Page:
For the first time, New Mexico’s students took the New Mexico Standards Based Transition Assessment of Mathematics and English Language Arts this spring.
Given that the transition test focuses on the common core – and some of its testing bank questions are used by PARCC – this year’s results are comparable to previous scores, said Timothy Hand, deputy secretary for policy, strategy and accountability.
Last year when students were taking the PARCC, 21.6% of students statewide were proficient in math and 31.1% were proficient in English.
“The spring 2019 Transition Assessment of Math and English Language Arts decreased time spent on testing for students by 30 percent while maintaining comparable results to last year’s assessment,” a PED news release said.
In Albuquerque Public Schools, the 2019 PED data showed about 20% of students were proficient in math and 30% proficient in English.
Math scores in the district fell slightly compared with last year’s PARCC scores of 21.3%, and English scores were close to last year’s 30.4%.
APS could not be reached for comment.
In Rio Rancho Public Schools, 32% of students were proficient in math and 43% were proficient in English, PED numbers showed.
English scores in the district increased nearly 3 percentages from last year’s PARCC results, and math scores rose slightly from 31.4%.
RRPS spokeswoman Beth Pendergrass said the district is reviewing the data and focusing on areas that need improvement.
“A couple of those areas are ensuring every classroom has a highly qualified teacher and that class sizes are reasonable. We are moving quickly to address our priorities,” she said in an emailed statement, adding the district has hired over 40 additional teachers.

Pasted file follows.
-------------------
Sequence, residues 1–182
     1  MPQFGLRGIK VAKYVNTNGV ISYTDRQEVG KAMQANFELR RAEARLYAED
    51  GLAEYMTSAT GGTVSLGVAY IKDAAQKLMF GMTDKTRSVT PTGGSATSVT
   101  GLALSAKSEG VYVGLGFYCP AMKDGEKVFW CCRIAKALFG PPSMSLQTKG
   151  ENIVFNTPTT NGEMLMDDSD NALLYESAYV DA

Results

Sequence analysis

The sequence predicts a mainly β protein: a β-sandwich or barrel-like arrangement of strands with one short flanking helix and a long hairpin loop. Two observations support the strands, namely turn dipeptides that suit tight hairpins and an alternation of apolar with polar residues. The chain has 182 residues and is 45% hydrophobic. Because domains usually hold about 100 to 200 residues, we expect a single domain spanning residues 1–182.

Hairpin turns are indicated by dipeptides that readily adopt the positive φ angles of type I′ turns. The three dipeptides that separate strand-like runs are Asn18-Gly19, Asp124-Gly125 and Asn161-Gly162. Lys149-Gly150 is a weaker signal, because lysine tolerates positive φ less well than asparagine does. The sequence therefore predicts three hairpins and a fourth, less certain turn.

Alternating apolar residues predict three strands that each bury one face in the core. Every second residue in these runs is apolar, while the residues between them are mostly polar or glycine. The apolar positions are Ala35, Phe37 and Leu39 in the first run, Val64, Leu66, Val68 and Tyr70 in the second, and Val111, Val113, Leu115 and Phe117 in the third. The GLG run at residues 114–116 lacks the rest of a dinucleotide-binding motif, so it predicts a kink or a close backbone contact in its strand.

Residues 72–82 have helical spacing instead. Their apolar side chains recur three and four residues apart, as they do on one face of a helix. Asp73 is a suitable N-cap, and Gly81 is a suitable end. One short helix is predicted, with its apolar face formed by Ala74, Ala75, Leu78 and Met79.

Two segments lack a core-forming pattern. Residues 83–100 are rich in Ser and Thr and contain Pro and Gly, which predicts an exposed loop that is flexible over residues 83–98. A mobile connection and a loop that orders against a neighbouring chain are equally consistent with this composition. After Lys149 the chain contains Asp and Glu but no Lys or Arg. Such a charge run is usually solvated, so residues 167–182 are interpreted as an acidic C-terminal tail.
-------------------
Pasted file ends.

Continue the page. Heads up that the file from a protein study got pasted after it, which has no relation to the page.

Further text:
In some of the other largest districts in the state, scores were above the statewide averages.
In Farmington Municipal Schools, 24% were proficient in math and 42% in English.
Gadsden Independent School District’s students were at 23% and 37% respectively.
Other districts’ scores were below the statewide results.
• Gallup McKinley County Schools’ students were about 16% proficient in math and 30% in English.
• In Hobbs Municipal Schools, roughly 16% were proficient in math and 32% in English.
• In Las Cruces Public Schools, about 17% of students were proficient in math. Its English proficiency of 33% was on par with the statewide score of nearly 33%.
This year’s test served as the interim exam for the state after an executive order from Gov. Michelle Lujan Grisham that ended PARCC testing.
That test, which the state used under former Gov. Susana Martinez, was controversial, with teachers unions and some schools questioning its measures and the ways results were used in determining how students graduate, teachers were evaluated and schools were graded.
The state is looking for a system that will serve as an official replacement.
PED officials put out a request for proposals for a new exam that encapsulates feedback from their tour seeking input this year.
According to Gwen Perea Warniment, the deputy secretary for teaching, learning and assessment, the request for proposals closed July 15 and the proposals are being reviewed.
According to the news release, the PED and a team of community members, including teachers and parents, will give the Governor’s Office a full assessment plan this fall.